Jan 18, 2019
New Year’s resolutions from an athletic trainer
By Larry Cooper

Happy New Year! It’s my hope that you had a joyous and healthy year, one that you look upon with a sense of happiness and fulfillment.

If you are like most people, the start of the new year is a time for celebration, reflection, and rebranding yourself — or at the very least, part of yourself. For me, it is the time to write down some personal and professional goals, get my financial goals in order, and determine where we want to travel to in the upcoming year. In my opinion, the personal and professional goals have to take a front seat because they can help lay the foundation for the others. The self-reflection process can be somewhat difficult but extremely helpful to see where and how you can improve.

If someone asked you to jot down 10 things that you like about yourself, it might be relatively challenging. However, if they asked you to write down 10 things that you don’t like about yourself, most would have no issue completing the task in a few seconds. Let’s turn this around. Ask yourself:

  • What are 10 areas of my clinical practice that I could improve?
  • What are the 10 areas that I do a pretty darn good job at?

Areas of improvement might be: documentation, communication with parents or coaches, scheduling, life-work balance, budgeting, shoulder evaluations, low-back rehabilitation, etc. Areas of competency might be: communication with physicians; concussion recognition, evaluation and treatment; ankle rehabilitation; off-season conditioning programs; facility cleanliness; infection control; etc. The most important part of this process is to take the time and be honest with yourself.

Some of my goals — which are combined below — can be achieved relatively easily, but some will take some considerable focus, time, and effort.

Professional

  1. I always want to do a better job of communication in all aspects of my life.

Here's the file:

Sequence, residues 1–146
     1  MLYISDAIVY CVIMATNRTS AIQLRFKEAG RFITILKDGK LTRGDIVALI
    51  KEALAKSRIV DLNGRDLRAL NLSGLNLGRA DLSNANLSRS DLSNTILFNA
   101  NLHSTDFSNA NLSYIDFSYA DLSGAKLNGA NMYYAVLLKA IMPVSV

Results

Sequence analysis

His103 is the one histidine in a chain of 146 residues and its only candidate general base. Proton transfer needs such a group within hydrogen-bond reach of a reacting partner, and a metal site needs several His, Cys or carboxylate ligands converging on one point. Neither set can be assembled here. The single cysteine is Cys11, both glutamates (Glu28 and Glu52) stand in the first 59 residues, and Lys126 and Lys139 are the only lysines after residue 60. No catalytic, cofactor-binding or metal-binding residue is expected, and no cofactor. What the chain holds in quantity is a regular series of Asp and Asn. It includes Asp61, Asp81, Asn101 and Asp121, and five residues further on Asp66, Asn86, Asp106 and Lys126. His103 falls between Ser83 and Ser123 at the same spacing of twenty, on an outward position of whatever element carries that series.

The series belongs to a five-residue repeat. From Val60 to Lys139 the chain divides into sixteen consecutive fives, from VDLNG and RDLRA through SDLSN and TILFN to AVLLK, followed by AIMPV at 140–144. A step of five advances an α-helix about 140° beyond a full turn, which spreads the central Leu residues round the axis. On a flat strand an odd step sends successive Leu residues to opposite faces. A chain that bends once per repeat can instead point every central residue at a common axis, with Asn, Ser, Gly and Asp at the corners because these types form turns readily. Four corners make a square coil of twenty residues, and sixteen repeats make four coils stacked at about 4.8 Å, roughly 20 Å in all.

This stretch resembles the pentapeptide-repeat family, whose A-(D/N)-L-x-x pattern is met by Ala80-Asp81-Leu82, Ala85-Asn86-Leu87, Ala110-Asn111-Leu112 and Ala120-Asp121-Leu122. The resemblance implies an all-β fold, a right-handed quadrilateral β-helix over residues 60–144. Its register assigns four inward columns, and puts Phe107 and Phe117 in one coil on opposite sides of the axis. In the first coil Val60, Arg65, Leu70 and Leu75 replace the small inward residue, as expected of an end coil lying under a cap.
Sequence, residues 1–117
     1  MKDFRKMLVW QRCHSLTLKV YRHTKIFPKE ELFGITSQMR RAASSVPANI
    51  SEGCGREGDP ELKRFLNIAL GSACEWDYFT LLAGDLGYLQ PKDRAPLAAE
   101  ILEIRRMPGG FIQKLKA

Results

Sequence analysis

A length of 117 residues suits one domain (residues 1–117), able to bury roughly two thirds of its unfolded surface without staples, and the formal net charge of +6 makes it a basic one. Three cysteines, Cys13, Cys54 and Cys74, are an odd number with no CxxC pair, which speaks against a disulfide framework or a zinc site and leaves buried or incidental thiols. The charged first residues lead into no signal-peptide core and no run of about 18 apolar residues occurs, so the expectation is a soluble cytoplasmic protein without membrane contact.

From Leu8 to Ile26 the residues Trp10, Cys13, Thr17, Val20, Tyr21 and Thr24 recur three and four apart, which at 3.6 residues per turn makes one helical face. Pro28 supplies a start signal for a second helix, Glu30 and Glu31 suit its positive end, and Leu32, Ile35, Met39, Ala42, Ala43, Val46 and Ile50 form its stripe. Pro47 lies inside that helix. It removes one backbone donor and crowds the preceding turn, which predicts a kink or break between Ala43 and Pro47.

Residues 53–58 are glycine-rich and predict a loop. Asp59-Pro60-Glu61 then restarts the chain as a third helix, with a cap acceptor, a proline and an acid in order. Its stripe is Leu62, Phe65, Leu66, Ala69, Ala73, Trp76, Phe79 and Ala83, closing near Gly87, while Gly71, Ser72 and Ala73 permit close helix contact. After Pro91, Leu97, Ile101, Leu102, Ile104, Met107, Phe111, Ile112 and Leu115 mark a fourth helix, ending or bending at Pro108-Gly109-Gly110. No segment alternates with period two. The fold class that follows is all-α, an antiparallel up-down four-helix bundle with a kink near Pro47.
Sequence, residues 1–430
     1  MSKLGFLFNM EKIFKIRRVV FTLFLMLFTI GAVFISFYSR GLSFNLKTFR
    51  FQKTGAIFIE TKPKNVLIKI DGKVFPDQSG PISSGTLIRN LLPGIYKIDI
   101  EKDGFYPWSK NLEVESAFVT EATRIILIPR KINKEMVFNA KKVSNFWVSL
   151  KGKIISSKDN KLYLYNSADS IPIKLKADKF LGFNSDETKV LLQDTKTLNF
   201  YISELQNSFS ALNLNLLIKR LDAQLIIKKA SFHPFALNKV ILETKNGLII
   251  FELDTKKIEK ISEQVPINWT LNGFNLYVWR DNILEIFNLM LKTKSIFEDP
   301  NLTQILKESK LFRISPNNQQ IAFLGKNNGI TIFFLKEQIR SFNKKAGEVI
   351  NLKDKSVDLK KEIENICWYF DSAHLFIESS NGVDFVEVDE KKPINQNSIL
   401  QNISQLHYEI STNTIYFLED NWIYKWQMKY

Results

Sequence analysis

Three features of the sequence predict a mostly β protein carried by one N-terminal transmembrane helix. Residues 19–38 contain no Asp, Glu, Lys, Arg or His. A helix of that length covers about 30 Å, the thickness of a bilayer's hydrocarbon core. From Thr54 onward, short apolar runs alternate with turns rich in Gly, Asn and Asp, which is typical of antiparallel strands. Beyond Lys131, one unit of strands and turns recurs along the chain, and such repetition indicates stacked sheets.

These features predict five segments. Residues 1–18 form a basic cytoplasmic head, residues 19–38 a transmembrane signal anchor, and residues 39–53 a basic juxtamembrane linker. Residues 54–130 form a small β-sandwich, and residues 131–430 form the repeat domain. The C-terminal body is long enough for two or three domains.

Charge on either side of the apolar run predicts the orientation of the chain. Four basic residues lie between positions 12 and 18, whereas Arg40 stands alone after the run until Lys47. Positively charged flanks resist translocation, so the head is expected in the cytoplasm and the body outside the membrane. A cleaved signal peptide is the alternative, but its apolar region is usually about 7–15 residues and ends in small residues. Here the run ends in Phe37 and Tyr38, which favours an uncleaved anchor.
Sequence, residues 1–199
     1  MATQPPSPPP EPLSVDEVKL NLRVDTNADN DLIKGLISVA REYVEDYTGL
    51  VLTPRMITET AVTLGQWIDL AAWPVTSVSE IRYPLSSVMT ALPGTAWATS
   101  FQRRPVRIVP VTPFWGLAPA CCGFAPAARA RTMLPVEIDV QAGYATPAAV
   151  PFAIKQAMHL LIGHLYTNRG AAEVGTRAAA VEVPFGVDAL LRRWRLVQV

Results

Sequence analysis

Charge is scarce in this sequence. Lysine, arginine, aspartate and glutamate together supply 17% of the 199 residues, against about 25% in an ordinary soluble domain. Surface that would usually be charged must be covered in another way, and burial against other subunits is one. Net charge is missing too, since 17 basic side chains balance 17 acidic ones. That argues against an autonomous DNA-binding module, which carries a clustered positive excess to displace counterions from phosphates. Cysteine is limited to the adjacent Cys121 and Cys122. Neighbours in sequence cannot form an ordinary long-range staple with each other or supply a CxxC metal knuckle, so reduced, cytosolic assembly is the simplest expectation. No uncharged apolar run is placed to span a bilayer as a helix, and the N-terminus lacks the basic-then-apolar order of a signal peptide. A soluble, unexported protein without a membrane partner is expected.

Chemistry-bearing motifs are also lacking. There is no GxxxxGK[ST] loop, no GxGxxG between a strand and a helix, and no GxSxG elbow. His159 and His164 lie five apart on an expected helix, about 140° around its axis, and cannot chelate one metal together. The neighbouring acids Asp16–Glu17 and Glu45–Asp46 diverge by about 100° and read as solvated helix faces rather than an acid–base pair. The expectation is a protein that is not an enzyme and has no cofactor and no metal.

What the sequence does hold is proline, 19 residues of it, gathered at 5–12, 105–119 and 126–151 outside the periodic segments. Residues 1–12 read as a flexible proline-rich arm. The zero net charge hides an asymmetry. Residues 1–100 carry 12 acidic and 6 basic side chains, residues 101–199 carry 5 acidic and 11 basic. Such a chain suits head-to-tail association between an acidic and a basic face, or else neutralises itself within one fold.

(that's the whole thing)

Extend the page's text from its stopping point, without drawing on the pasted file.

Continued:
2. Documentation — the most important practice you can do to keep yourself out of a litigious situation and ensure correct continuation of care.
  3. Evaluation improvement, work on all aspects of all clinical evaluations.
  4. Increase the number of schools that employ athletic trainers.
  5. Increase the number of athletic trainers working in the secondary school setting.

Personal

  1. Spend more time with my wife, parents, siblings, daughters, and grandchild.
  2. Run 1,000 miles and bike 500 miles this year.
  3. Improve my physical health and well-being (lose weight, stretch, lift, eat better).
  4. Read more for enjoyment.
  5. Take at least 10 camping trips to new locations.

As you can see, some of my goals are basic, while some are pretty lofty. This is an example of what gives people focus, energy, and purpose in their daily life. If you are uncomfortable starting out with 10, try two personal and two professional goals. Another method is to revisit your goals every month. Sometimes this is good because they are fresh in your mind, and it helps provide some drive and direction for your daily activities.


Larry Cooper, MS, LAT, ATC, recently retired after 27 years as Head Athletic Trainer at Penn-Trafford High School in Harrison City, Pa., where he also taught health, physical education, and sports medicine classes. Winner of a 2016 NATA Most Distinguished Athletic Trainer Award, 2015 T&C Most Valuable Athletic Trainer Award, and 2014 NATA Athletic Training Service Award, he was inducted into the Pennsylvania Athletic Trainers' Society Hall of Fame in 2014.


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